A typical sound system from Pyramid Audio, a long-time audio production company headed by Ian “Fleece” Elliott and based in Bury St. Edmunds, Suffolk, UK, combines classic Martin Audio loudspeakers driven by Linea Research power amplifiers.
“I’ve got Martin Audio products that go back to the 1980s and 1990s,” Elliott reports, who has also worked as a touring engineer for more than three decades. “We plug them into new Linea Research 44M or 48M or 88C power amplifiers and they sound amazing. The clarity is phenomenal. Everybody’s blown away by it every single time.”
Although Elliott has long favored Martin Audio loudspeakers, he’s tried an assortment of power amplifiers over the years before settling on Linea Research. “We do mostly loud rock shows, and it demands a lot of power,” he notes. “The new Linea Research amplifiers save us a lot of rack space and weight. We used to run 4U amplifiers that weighed 35 kg [77 pounds] each; by the time we added crossovers, one amp rack would be 14 rack units and weigh 150 kilos [330.7 pounds]. Now we can do that with one Linea 48M that weighs 12.5 kg [27 pounds], and we’ve gone from 14U to 2U. It shaved a colossal amount off our trucking.”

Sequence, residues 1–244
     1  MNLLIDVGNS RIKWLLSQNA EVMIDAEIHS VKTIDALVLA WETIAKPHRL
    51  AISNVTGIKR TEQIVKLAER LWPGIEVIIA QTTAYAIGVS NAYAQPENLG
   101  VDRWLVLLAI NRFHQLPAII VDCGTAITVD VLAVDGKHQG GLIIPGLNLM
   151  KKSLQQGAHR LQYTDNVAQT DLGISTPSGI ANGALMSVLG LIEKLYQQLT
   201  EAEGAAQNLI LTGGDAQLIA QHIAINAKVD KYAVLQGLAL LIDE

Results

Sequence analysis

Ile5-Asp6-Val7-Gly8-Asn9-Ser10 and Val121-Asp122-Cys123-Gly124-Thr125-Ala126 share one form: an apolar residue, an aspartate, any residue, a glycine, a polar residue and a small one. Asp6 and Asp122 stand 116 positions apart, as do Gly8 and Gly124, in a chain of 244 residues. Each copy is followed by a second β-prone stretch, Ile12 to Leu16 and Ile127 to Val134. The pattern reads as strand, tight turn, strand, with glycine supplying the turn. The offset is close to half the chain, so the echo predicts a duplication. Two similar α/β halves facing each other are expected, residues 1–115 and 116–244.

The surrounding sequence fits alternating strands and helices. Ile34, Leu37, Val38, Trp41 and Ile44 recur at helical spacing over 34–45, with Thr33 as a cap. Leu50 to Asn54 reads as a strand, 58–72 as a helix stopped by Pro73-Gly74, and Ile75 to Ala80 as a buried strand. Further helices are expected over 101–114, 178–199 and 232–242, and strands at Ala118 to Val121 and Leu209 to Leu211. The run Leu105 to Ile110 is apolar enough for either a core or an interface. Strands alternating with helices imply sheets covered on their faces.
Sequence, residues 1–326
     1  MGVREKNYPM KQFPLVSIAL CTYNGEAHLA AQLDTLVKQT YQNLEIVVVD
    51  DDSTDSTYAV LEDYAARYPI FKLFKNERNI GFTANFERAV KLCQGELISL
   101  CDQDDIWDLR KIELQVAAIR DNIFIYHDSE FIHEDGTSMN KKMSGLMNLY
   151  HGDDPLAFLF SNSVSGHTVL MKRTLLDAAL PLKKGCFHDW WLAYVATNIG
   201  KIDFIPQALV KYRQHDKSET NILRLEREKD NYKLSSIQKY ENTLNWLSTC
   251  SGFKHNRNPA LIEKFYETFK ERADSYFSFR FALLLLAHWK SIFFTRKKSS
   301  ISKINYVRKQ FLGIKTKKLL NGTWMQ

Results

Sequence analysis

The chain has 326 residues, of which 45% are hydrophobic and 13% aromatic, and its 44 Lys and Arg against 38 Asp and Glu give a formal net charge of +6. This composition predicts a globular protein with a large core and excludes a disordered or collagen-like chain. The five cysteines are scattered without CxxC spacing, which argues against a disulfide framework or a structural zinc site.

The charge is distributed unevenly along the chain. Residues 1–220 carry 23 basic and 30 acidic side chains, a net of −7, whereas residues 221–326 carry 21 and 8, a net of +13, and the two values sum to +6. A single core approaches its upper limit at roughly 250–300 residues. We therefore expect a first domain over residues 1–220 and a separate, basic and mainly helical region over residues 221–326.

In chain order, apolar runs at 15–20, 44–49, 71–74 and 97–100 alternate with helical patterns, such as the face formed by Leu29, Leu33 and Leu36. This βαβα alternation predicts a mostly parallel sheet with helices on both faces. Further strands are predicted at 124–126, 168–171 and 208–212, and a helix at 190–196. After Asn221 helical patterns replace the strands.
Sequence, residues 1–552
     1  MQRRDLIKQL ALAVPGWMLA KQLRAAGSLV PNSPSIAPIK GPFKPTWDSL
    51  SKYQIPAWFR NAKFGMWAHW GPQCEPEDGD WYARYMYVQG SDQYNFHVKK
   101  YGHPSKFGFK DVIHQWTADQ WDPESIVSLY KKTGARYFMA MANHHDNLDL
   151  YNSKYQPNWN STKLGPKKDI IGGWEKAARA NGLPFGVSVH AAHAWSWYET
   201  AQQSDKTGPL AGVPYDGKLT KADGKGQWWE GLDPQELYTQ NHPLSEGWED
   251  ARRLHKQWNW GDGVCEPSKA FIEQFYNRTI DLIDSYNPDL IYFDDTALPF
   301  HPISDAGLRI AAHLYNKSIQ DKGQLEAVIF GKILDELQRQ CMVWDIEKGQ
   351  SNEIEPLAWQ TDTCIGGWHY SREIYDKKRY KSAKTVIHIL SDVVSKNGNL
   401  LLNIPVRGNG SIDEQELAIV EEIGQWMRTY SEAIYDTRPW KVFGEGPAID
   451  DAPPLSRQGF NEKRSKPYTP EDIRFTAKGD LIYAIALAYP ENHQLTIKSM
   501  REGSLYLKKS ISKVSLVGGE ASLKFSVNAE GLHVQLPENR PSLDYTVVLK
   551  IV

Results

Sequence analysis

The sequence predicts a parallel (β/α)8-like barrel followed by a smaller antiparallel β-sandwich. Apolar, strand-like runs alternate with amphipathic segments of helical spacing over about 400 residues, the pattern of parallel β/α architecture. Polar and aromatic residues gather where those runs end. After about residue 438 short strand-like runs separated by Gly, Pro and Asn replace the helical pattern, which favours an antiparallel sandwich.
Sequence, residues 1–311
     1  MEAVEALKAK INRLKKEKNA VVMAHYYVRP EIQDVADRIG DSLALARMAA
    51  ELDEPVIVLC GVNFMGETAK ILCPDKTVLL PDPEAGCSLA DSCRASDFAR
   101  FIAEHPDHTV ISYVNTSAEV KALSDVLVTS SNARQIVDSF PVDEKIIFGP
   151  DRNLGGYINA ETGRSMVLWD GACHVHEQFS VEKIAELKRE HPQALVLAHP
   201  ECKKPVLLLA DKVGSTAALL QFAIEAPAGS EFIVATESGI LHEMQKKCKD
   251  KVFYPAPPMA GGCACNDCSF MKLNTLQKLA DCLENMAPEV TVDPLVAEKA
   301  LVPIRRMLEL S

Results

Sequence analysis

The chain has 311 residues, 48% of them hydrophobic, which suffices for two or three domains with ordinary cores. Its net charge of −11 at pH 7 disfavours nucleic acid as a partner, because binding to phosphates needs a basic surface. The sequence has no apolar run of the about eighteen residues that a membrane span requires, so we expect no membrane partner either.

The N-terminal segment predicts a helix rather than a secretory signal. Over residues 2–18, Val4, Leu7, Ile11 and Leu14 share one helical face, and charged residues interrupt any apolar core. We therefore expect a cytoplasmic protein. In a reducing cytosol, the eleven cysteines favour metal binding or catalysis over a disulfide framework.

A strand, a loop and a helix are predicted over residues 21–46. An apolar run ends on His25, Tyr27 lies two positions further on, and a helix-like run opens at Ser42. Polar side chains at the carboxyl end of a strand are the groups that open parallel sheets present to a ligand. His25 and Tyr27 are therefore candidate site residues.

Elliot typically chooses Linea Research 48Ms to drive bi-amped stage wedges and picks Linea 44M20s for front-of-house. He uses his older Linea Research XiB amplifiers on drum fills, bridging channel 1 and 2 to drive a sub and using channels 3 and 4 to drive a bi-amped wedge. “There’s so much you can do with the M series’ built-in DSP limiters and virtual crossover,” he observes. “And we never run out of headroom; I’ve seen the limiters come on now and then but you can push and push, and it stays clean all the way up. You don’t hear them working; it’s absolutely stunning. And the Linea amps are extremely reliable, but if a client does have an issue, I can see when they had voltage spikes or anything like that and figure out what happened.”
At Apex, a local venue in Bury St. Edmonds, Elliott recently replaced the old amplifiers with two Linea 88Cs, one 48M, and a 44M. “The Apex is a three-tiered venue, and it’s quite tricky getting even dispersion everywhere,” he explains. “In the second balcony we’ve got six boxes on the lighting grid and another six boxes on an advanced bar, and they’ve each got different EQ, time alignment, and limiting. We chose two 88C amps because they have eight channels each, which gave us the ability to have different settings for every box. The I/O of the 44M and 48M, which are our usual go-to amplifiers, worked fine for the rest of the system. The Apex sounds so much better with the new amps.”